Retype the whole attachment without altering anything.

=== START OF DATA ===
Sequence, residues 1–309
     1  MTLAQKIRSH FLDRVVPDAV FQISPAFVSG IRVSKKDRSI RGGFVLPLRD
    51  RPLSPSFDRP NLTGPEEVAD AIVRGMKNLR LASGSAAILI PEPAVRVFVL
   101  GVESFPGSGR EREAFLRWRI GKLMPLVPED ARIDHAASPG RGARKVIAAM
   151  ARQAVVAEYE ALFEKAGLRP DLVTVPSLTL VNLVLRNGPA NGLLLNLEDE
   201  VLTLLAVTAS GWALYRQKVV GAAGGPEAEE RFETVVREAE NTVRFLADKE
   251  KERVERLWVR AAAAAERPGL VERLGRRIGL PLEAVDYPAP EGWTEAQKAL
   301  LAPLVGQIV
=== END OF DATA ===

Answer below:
Sequence, residues 1–309
     1  MTLAQKIRSH FLDRVVPDAV FQISPAFVSG IRVSKKDRSI RGGFVLPLRD
    51  RPLSPSFDRP NLTGPEEVAD AIVRGMKNLR LASGSAAILI PEPAVRVFVL
   101  GVESFPGSGR EREAFLRWRI GKLMPLVPED ARIDHAASPG RGARKVIAAM
   151  ARQAVVAEYE ALFEKAGLRP DLVTVPSLTL VNLVLRNGPA NGLLLNLEDE
   201  VLTLLAVTAS GWALYRQKVV GAAGGPEAEE RFETVVREAE NTVRFLADKE
   251  KERVERLWVR AAAAAERPGL VERLGRRIGL PLEAVDYPAP EGWTEAQKAL
   301  LAPLVGQIV